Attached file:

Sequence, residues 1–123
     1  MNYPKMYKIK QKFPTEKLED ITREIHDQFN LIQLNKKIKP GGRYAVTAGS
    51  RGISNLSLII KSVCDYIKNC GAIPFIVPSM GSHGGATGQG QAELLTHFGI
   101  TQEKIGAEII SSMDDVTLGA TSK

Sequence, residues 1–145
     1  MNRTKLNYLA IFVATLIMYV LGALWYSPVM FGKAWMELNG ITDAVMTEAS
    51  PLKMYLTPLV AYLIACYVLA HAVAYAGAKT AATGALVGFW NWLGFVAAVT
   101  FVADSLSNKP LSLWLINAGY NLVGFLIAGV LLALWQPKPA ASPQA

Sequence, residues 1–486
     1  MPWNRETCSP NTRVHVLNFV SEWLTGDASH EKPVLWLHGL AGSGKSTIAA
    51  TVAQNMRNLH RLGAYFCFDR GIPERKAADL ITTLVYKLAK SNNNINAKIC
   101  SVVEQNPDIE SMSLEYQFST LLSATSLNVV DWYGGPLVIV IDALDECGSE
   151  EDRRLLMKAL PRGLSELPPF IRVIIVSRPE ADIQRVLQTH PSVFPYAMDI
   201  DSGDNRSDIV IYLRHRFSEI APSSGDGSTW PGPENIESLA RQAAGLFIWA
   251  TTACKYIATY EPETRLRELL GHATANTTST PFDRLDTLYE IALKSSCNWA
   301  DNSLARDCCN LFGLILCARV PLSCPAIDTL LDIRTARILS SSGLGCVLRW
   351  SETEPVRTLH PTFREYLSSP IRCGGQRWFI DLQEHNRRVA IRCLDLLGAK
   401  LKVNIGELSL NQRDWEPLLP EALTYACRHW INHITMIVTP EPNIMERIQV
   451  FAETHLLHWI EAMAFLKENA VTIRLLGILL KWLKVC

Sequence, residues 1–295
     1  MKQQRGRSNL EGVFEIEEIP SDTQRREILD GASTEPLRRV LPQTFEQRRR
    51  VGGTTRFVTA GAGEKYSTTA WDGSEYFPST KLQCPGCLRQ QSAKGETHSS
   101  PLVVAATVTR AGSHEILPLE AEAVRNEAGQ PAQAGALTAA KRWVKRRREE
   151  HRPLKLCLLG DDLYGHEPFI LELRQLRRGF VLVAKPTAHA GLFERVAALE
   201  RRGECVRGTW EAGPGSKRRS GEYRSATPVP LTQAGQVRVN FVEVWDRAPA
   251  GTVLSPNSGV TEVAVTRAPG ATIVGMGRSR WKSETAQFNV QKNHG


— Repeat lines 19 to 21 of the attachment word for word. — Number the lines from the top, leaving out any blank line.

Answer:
   451  FAETHLLHWI EAMAFLKENA VTIRLLGILL KWLKVC

Sequence, residues 1–295
     1  MKQQRGRSNL EGVFEIEEIP SDTQRREILD GASTEPLRRV LPQTFEQRRR